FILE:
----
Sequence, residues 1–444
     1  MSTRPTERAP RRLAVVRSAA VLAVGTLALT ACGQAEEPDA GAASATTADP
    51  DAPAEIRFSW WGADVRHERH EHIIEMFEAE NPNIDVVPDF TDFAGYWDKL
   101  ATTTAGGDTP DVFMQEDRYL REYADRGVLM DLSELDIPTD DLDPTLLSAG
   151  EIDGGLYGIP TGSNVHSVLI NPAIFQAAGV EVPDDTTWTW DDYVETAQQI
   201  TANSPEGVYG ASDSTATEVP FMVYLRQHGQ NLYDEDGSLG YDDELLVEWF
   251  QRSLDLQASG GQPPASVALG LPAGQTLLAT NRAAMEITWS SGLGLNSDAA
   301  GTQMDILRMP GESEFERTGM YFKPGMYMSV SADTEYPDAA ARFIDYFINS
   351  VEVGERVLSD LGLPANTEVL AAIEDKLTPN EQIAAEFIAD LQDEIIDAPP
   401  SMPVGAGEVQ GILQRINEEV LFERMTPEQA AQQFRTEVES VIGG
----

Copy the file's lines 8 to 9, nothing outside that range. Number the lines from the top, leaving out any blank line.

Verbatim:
   301  GTQMDILRMP GESEFERTGM YFKPGMYMSV SADTEYPDAA ARFIDYFINS
   351  VEVGERVLSD LGLPANTEVL AAIEDKLTPN EQIAAEFIAD LQDEIIDAPP